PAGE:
Trump's budget proposes deep cuts to HHS, ONC, OCR budgets and staff

The President's proposed budget makes deep cuts to health departments and public health initiatives while boosting budgets for the FDA and the NIH.
By Jessica Davis
05:06 PM
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The Trump Administration's 2019 budget proposal would make steep cuts to the U.S. Departments of Health and Human Services, the Office of the National Coordinator and the Office of Civil Rights, even as he doubles down on the government's efforts to combat the growing opioid crisis.

Under the proposal, the discretionary budget for HHS would be slashed by 21 percent, removing a wide range of workforce training and anti-poverty initiatives and cutting Medicare and Medicaid funds by billions of dollars.

[UPDATE: Trump earmarks $1.2 billion for VA-Cerner EHR project in proposed budget]

Further, the budget proposal would cut ONC's staffing from 185 to 162 and slash the budget to $38 million, more than one-third. Similarly, OCR's budget would be reduced from $39 million to $31 and would lose five staff members, despite the agency's Director Roger Severino recently announcing his plan for a new Conscience and Religious Freedom Division.

As for the winners, the opioid epidemic, the National Institutes of Health and the Food and Drug Administration will be getting a boost.

[UPDATE: What Trump's budget proposal means for hospitals]

Trump proposes providing HHS about $10 billion in new discretionary funding for the opioid epidemic and serious mental illness. The funding, according to a letter accompanying the budget, would aim to "help those who abuse opioids get access to overdose reversal drugs, treatment, and recovery support services."

Further, the proposed budget would give the NIH $9.2 billion, or a $1.4 billion increase from last year. This includes $750 million from the $10 billion given to HHS to fight the opioid epidemic and address mental illness.

[Also: Trump signs spending bill into law: Here are health IT's biggest wins]

"The Budget reflects a solemn and unshakable commitment to liberate communities from the scourge of opioids and drug addiction," the budget reads.

Congressional Democrats recently called on Trump to increase funding for the epidemic, and report on the progress the Trump administration has made since declaring the opioid crisis a public health emergency. The budget reflects those plans.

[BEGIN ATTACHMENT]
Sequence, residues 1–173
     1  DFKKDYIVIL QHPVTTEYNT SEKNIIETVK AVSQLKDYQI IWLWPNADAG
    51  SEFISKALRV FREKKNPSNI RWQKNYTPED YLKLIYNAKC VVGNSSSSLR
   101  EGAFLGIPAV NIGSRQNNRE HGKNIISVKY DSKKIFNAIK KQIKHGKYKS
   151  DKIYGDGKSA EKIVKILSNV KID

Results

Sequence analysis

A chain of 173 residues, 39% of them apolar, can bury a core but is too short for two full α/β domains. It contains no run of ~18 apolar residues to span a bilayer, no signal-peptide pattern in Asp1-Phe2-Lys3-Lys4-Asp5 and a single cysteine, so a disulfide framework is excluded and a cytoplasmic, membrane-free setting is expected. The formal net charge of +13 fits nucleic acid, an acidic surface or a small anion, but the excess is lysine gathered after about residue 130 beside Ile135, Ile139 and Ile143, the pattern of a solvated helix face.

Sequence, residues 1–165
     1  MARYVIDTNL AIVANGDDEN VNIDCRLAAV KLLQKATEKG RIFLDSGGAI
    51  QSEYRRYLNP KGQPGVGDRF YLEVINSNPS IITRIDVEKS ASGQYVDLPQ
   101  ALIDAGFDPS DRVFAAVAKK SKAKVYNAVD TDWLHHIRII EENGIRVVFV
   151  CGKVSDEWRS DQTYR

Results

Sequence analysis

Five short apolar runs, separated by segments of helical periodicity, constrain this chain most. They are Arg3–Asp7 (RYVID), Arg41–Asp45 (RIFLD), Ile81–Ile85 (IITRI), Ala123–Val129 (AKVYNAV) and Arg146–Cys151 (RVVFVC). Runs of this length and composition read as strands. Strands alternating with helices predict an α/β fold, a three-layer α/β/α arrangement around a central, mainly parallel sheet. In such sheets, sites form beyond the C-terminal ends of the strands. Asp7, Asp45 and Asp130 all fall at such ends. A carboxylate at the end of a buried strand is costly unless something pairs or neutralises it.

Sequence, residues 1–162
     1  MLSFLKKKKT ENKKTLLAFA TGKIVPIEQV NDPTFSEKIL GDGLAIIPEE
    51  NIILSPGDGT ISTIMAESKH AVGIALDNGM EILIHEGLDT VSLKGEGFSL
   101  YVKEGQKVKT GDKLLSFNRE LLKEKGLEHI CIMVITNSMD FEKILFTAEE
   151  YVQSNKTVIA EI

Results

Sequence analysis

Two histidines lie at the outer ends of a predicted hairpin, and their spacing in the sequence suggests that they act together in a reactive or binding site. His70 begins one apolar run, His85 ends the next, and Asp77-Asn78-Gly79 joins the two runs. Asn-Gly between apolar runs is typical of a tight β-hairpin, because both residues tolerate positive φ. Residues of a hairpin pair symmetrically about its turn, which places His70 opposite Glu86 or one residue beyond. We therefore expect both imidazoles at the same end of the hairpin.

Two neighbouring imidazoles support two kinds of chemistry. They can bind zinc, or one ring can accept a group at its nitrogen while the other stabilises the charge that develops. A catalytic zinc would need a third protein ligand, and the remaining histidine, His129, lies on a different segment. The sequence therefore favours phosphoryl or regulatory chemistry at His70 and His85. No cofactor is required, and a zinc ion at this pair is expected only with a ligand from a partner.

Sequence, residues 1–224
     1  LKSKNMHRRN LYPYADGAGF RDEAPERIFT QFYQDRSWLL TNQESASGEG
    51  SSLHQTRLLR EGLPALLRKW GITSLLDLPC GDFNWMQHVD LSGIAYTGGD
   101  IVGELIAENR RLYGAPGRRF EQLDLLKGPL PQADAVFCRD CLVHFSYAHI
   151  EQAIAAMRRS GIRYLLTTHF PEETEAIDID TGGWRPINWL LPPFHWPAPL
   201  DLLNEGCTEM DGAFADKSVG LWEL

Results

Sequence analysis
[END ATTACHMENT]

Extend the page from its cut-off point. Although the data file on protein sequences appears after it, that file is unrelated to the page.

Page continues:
Meanwhile, Trump proposes giving the FDA an additional $190 million for new user fee funding. However, it requires Congress create new user programs, including one for over-the-counter drugs, and increase the fees for programs already authorized.

The FDA will also get $10 million of the HHS' $10 billion in funding for the opioid crisis.

The funding requests for FDA and NIH were already boosted by last week's spending bill signed into law by Trump. The resulting additional $9.17 billion for NIH and $500 million to the FDA stemmed from higher discretionary spending levels.

Lastly, Trump proposes folding the Agency for Healthcare Research and Quality, the National Institute on Disability, Independent Living and Rehabilitation Research, and the National Institute for Occupational Safety and Health into the NIH.

AHRQ is tasked with providing research into the healthcare system, including health IT. The Trump administration made a similar proposal in 2017, but Congress instead just slashed the budget by about 10 percent.

If folded into the NIH, AHRQ would be renamed the National Institute for Research on Safety and Quality, with a budget of $256 million, compared to last year's $322 million. Initially, the three organizations would retain separate offices, but eventually would be dissolved into the NIH.

Twitter: @JessieFDavis
Email the writer: jessica.davis@himssmedia.com